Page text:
Fall Shrub Sale

Native shrubs are a great way to add structure and character to your garden, provide four-season interest, and offer birds and pollinators valuable sources of food and habitat throughout the year.

Our Fall Shrub Sale has finished. Pick up your shrub Oct. 2!

shrub sale graphic logo

Beautify Your Yard and Support Pollinators

Planting native shrubs is good for your garden and the ecosystem! These species support local pollinators and other beneficial insects as well as providing beautiful blooms and foliage. They can add structure and character to existing plantings, forming the backbone of a landscape design. All of our shrubs are locally sourced from reputable nurseries.

All proceeds from this fundraiser  go towards local environmental projects that help people live sustainably.

Orders will be ready for pick-up between 9 a.m. and 12 p.m. October 2nd, 2021 at the Reep House for Sustainable Living located at 20 Mill St, Kitchener


A young man carrying a shrub in a black pot.

How to Plant and Care For Your Shrubs

Your new shrubs should be planted as soon as possible. If there is some delay in planting, store plants in a shady, wind protected area, and keep root area evenly moist. Handle plants gently and use the container or root ball to move the plant. Never hold onto the plant itself.

Dig your planting hole at least 5” larger than the size of the pot on all sides. The hole should roughly be the same depth as the pot, so the finished level of the planted shrub is the same as it was grown, or no more than 3” higher.

Water your shrub thoroughly before removing the container. If a light tapping on the sides and bottom of the pot does not release the soil, make two cuts the length of the pot on opposite sides and gently pull away the halves. Use your fingers or a knife to gently loosen and spread exposed roots that appear crowded.

Place the shrub in the hole and fill in around plant with the original soil mixed with compost or manure. Tamp the soil down with your hands so the shrub is secure. Water thoroughly, then place an even 4″ layer of mulch around the plant.

Water your shrub regularly when the soil feels dry to the touch, 2” to 3” down into the root area. Continue this form of watering until the plant is well established and growing.

Planting instructions from Landscape Ontario

Available Species

Southern Arrowwood (Viburnum dentatum)

Mature Size: 175 cm tall x 175 cm wide
Ideal growing conditions: Prefer well-drained soil in full sun to part shade
Description: Clusters of creamy-white flowers in spring, bluish-black fruit in fall. Shiny, dark green leaves turning yellow to reddish-purple in fall. Upright, rounded, multi-stemmed habit.
Benefits: Flowers attract butterflies in spring and fruits attract birds in fall. Deer resistant & salt tolerant.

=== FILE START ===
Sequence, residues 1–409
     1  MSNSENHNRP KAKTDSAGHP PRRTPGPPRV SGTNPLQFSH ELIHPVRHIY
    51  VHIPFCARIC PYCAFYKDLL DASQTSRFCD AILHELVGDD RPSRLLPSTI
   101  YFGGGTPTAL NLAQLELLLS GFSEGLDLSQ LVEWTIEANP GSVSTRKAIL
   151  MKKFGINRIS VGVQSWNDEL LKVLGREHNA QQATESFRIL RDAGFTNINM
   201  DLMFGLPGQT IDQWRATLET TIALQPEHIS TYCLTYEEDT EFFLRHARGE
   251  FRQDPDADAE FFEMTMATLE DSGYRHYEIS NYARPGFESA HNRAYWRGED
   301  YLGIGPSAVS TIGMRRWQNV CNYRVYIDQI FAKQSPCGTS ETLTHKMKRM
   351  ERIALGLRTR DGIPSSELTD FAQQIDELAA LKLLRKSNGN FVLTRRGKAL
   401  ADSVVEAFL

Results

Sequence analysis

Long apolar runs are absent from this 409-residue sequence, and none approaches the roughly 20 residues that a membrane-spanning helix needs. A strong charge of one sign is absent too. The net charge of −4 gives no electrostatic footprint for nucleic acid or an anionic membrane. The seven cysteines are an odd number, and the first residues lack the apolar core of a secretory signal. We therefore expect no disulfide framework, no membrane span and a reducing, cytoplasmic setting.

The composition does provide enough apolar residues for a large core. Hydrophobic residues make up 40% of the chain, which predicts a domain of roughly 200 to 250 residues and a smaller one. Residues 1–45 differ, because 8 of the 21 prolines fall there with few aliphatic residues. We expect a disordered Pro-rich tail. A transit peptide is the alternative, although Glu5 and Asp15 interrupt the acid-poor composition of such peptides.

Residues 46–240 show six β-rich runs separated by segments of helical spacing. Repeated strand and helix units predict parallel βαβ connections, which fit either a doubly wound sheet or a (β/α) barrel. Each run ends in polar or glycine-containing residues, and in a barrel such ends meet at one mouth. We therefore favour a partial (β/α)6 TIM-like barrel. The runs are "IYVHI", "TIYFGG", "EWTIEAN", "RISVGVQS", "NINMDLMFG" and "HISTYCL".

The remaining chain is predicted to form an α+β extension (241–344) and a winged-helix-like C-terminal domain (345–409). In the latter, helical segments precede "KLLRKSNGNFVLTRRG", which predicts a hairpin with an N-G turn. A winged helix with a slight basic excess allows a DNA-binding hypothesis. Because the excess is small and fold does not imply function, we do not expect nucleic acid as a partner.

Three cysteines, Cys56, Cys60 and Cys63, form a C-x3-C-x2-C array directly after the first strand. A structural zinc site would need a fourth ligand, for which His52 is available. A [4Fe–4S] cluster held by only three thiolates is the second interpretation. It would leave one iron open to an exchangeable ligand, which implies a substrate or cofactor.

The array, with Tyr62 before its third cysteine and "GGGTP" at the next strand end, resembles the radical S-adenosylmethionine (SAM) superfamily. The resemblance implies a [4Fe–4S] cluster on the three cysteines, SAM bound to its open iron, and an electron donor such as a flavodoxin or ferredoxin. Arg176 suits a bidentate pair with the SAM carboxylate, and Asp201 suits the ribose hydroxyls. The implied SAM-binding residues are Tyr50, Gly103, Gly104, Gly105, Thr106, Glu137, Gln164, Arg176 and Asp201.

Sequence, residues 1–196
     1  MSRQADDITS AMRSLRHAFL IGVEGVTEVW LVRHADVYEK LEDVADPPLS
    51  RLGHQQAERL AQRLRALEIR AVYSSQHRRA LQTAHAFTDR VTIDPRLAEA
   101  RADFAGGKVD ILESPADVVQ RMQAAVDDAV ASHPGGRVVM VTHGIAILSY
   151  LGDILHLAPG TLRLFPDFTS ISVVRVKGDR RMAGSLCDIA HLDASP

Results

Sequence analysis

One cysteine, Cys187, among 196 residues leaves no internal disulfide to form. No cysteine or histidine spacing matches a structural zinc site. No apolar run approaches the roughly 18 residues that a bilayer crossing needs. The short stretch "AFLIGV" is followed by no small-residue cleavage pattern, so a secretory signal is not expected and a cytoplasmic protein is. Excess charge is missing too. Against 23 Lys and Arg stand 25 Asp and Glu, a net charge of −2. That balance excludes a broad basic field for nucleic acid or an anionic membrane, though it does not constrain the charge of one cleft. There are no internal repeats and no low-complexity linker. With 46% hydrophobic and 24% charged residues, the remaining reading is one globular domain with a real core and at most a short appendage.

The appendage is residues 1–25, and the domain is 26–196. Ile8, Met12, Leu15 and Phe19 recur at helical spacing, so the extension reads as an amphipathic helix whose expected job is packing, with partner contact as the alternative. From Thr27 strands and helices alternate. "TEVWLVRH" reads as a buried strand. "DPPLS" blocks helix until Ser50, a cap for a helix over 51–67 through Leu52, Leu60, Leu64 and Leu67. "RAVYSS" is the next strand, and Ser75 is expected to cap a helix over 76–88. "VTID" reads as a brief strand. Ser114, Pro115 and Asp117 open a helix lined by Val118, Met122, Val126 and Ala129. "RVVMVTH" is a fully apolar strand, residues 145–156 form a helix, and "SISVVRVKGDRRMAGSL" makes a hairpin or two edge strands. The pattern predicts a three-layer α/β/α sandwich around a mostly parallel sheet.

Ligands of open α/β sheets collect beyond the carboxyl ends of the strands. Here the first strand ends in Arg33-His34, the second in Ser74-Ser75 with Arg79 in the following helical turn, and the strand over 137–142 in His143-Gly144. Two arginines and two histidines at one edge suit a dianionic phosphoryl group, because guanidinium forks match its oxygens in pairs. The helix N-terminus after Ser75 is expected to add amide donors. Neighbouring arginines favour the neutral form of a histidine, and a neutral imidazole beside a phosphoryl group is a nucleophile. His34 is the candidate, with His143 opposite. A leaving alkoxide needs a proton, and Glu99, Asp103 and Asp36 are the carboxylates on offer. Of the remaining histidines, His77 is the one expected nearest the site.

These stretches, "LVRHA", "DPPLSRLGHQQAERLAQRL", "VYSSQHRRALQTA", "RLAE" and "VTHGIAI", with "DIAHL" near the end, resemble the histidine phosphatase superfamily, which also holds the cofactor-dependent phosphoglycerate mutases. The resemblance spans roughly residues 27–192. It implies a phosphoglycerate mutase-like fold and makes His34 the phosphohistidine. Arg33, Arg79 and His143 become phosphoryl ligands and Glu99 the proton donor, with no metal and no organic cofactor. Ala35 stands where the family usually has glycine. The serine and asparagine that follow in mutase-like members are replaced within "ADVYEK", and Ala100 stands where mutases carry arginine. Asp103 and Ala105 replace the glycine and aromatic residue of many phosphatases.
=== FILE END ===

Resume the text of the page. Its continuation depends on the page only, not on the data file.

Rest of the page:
Common Elderberry (Sambucus canadensis)

Mature Size: 250 cm tall x 250 cm wide
Ideal growing location: Tolerates a variety of soil types, including moist soils. Prefers full sun to part-shade
Description: Fragrant white flowers in a flat-topped cluster bloom in July. Purple-black berries in early fall. Compound, medium-green leaves turn yellow in the fall. 
Benefits: Berries attract birds. Berries are edible when cooked. Fast grower.

Pussy Willow (Salix discolor)

Mature Size: 4.5 m tall x 3 m wide
Ideal growing location: Grows best in moist soils, can tolerate poorly drained soils. Prefers full sun to part shade.
Description: Silvery-grey male catkins and yellowish female. Catkins emerge in late winter or early spring on separate male and female shrubs. Bright green leaves turn pale or bright yellow in the fall. Upright, spreading crown. Prefers growing in moist soils.
Benefits: Blooms emerge early in the spring, providing valuable food source to pollinators. Helps soak up water in wet areas; good choice for a rain garden. 

Northern Bush Honeysuckle (Diervilla lonicera)

Mature Size: 1 m tall x 1 m wide
Ideal growing location: Grows best in well-drained soils. Prefers full sun to part shade.
Description: Yellow, trumpet-shaped flowers emerge in late spring or early summer. Glossy, reddish to dark green leaves turn to shades of yellow, orange, and red in the fall. Rounded, dense form.
Benefits: A great native alternative to other invasive honeysuckle varieties. Long blooming flowers provide food source to pollinators and dense branches provide nesting habitat for some birds.

Highbush Cranberry (Viburnum trilobum)

Mature Size: 250 cm x 250 cm  
Ideal growing location:  Grows best in well-drained soils. Prefers full sun to part shade.
Description:  Clusters of creamy-white flowers in spring. Red berries in the fall. Green leaves turn reddish-purple in the fall. Upright, multi-stemmed habit.
Benefits: Berries are attractive to birds. Fast grower.

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